Everybody needs some recreational activities. From time to time I play Trackmania with friends, a quite competitive racing game. You compete on user created tracks for the best times, which are logged and shown on a worldwide leaderboard for each map.

Map showcase

The goal is simple, but the game itself is not. What makes it special for me, is the user-generated part, which is a great display of creativity in many cases. All tracks are made by players themselves and the game is made such that it even allows importing custom models from 3D modelling software like blender, with some stunning results.

Why analog?

Since the original Trackmania release in 2003, the game has been played with different input devices. Keyboard and Gamepads like the XBox-controller are the most popular, but there also are people playing in high ranks on steering wheels, joysticks and even with the mouse.

Smooth steering

Among many others, there is a game mechanic called "smooth-steering". Nobody is really sure whether it was intended by the developers or a bug that got made into a feature by the players. This is a common theme of the game, people get pretty creative to squeeze out the last few milliseconds by finding cuts and figuring out obscure behaviors of the physics engine. It is all part of the fun.

Map showcase

Smooth-steering refers to holding a specific steering percentage without starting to drift which would lose speed. The exact steering value is dependent on various factors such as the speed you are driving at and the surface you are driving on. It's not easy to get good at it, in practice it means holding your controller's stick at a specific angle during turns consistently or tapping the direction key at a specific rhythm if you play on keyboard, which requires a good knowledge of the game.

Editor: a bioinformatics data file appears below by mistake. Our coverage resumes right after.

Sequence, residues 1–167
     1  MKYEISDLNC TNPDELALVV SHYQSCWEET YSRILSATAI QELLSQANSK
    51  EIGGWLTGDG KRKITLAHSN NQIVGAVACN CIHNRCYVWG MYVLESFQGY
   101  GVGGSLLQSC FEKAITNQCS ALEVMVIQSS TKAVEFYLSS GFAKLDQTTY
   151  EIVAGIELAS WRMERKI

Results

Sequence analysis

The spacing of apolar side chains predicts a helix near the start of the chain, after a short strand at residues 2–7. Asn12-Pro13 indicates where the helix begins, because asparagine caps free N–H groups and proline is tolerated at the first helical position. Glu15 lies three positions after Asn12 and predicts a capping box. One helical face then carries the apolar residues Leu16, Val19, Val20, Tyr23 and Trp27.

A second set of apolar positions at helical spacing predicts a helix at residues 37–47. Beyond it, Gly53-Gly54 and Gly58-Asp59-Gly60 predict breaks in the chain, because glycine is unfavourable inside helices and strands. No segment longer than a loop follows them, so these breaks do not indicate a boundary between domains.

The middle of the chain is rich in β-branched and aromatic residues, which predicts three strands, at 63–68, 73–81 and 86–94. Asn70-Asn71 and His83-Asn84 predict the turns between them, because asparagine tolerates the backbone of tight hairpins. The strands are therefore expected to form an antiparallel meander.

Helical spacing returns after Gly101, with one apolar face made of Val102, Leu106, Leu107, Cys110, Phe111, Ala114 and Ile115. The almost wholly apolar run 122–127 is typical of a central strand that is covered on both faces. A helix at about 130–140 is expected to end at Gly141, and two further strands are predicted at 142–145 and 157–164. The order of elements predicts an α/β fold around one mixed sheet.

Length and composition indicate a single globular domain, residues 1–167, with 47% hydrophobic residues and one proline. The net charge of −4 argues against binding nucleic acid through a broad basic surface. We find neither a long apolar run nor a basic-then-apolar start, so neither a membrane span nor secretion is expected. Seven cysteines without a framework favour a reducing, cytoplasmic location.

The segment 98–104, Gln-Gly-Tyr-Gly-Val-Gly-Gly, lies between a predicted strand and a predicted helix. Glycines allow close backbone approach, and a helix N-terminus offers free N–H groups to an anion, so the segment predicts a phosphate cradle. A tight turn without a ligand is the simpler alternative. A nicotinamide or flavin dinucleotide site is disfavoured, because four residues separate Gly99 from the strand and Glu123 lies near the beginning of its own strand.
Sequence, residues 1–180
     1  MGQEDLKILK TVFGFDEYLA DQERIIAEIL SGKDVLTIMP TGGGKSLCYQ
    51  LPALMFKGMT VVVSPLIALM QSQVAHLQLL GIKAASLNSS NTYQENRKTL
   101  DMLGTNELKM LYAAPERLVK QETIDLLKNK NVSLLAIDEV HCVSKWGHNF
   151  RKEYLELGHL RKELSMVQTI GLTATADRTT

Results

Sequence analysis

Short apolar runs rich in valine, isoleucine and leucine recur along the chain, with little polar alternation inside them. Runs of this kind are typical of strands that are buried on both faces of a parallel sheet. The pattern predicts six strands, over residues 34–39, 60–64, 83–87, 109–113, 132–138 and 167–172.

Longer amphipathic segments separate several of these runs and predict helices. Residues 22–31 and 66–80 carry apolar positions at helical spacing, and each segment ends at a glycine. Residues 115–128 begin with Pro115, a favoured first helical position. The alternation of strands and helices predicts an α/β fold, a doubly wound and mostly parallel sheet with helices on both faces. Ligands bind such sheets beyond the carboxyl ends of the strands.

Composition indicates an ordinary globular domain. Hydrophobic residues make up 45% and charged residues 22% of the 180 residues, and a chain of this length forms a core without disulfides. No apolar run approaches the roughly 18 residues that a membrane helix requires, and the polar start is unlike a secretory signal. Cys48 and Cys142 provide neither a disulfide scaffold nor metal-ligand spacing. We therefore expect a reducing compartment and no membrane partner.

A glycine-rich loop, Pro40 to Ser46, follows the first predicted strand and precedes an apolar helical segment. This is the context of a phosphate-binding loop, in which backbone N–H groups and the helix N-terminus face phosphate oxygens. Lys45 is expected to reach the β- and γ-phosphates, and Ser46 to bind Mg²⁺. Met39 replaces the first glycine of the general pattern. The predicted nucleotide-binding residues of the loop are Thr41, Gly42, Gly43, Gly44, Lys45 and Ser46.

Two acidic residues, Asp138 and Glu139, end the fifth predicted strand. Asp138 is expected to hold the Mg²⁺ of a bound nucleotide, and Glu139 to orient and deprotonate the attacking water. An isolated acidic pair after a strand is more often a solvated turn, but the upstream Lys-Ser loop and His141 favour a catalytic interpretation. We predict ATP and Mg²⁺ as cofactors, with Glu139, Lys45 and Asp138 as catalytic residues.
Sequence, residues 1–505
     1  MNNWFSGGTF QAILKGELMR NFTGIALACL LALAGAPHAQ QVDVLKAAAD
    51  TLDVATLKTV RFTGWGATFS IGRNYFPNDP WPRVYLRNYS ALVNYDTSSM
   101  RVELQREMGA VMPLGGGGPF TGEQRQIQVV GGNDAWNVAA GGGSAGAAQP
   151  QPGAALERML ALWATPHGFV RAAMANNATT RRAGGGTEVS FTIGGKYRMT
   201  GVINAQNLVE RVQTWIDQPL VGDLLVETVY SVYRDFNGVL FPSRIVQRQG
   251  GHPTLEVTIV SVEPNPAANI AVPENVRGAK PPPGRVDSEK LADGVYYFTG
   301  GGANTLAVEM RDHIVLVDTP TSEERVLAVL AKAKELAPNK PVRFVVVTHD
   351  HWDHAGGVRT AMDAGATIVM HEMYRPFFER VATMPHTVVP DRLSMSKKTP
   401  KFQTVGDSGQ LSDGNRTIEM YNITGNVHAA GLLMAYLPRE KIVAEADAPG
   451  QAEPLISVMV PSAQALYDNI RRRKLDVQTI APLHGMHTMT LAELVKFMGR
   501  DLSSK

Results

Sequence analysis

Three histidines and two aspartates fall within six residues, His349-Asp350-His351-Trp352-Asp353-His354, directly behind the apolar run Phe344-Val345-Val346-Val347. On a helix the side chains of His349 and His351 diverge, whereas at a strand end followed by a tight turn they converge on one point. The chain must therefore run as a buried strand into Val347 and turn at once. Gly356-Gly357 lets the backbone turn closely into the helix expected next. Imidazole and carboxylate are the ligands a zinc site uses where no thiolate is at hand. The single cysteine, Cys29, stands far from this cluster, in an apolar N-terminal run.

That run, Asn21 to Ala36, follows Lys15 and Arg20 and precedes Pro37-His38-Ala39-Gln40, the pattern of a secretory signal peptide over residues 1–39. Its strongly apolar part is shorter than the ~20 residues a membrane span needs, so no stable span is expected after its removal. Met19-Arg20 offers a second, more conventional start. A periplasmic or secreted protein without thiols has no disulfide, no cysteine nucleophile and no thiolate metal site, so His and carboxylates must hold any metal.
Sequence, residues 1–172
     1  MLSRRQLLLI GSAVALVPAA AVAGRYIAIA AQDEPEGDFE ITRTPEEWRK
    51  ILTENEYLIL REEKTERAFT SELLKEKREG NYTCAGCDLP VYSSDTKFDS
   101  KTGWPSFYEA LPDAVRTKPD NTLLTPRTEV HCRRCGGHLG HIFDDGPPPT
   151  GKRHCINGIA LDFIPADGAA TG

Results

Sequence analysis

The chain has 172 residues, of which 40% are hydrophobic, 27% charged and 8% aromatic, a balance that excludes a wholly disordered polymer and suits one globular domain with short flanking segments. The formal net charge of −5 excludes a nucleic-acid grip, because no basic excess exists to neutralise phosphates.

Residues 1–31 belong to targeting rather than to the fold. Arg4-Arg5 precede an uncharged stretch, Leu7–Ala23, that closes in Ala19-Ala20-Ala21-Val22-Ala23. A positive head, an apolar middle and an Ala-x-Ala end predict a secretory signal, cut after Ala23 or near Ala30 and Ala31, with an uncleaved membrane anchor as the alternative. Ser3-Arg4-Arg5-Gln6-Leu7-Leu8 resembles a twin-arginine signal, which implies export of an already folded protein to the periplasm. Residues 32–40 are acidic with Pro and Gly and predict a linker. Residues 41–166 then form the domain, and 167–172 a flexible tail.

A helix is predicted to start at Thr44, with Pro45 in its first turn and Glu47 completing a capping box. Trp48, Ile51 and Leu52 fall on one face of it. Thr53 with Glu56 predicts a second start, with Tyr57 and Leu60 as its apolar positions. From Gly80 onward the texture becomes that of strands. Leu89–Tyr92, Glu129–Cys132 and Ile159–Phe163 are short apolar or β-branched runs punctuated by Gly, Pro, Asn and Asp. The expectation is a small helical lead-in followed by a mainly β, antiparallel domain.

This mechanic has gotten even more powerful during the last big update, which introduced a second car that gains even more speed from it. The update was received with mixed feelings, as keyboard players where put at a disadvantage.

Input devices

Another change in how the game is played came from the appearance of analog keyboards like the wooting. These keyboards don't have regular digital switches, but analog ones, which allow pressing and registering a key halfway. For the game this keyboard appears as an XBox-controller with joysticks capable of intermediate, analog input values.


Even more powerful, you can set a custom response curve in the companion software of the keyboard. Say you want to play a track where 60% left steering is the perfect angle to gain optimal speed, you could set the curve to top out at 60% easily or make it at least much easier to hold that specific value. There are in-game special keys that can be bound to do something similar (called "action keys"), but they are not quite as powerful.

Dedicated input device

At this point I started thinking about what would actually be best input device, if I were to build one. Steering wheels are very precise, but slow when doing sharp turns. Also, they are very bulky, and I don't want one screwed to my table at all times. A wooting is a decent choice, but I really don't need all those keys and already have a custom keyboard which I want to keep using. They are pretty costly and not something anyone would be able to buy. I feel like the settings are very generic and limiting, if you only want to use it for Trackmania.

Analog Switch

Luckily, you can get replacement keys for wooting keyboard and other compatible ones. The switches are called Lekker switches and surprisingly simple devices. The whole switch is not much more than a magnet suspended on a spring that gets pushed towards a hall sensor.

Lekker animation

The PCB below it has a hall sensor measuring the magnetic field from it, which increases when the switch is pressed. The switch has a travel of 4 mm and the hall sensor can calculate the exact position from it. Here is a teardown of it showing the inner parts.

Hall sensor

A bit of investigation lead me to the SS49E Linear Hall Effect Sensor. It is not the one used on the wooting keyboards, but looked like a perfect match: It has a linear, analog output, is cheap and readily available. Furthermore, it works with 5V, which makes it easy to be used from common microcontrollers.



The last past of the puzzle is a microcontroller. I went with the Waveshare RP2040-Zero because it has some features that I'm looking for apart from being a popular choice with many code examples:

  • It can act as HID (Human input device)
  • It is small and cheap
  • It has a USB-C port
  • It has 4 Analog input pins

The device is well-supported by the MicroPython firmware, which is also a plus since I have been meaning to try it out, and it should make reconfiguring the firmware a lot easier for users that might not be experienced with C and flashing chips.

Next steps

I have ordered some sensors and a microcontroller to do some proof of concept testing before starting to design a PCB. This will be the content of the next post, which is already in the making.

Stay tuned for the second part!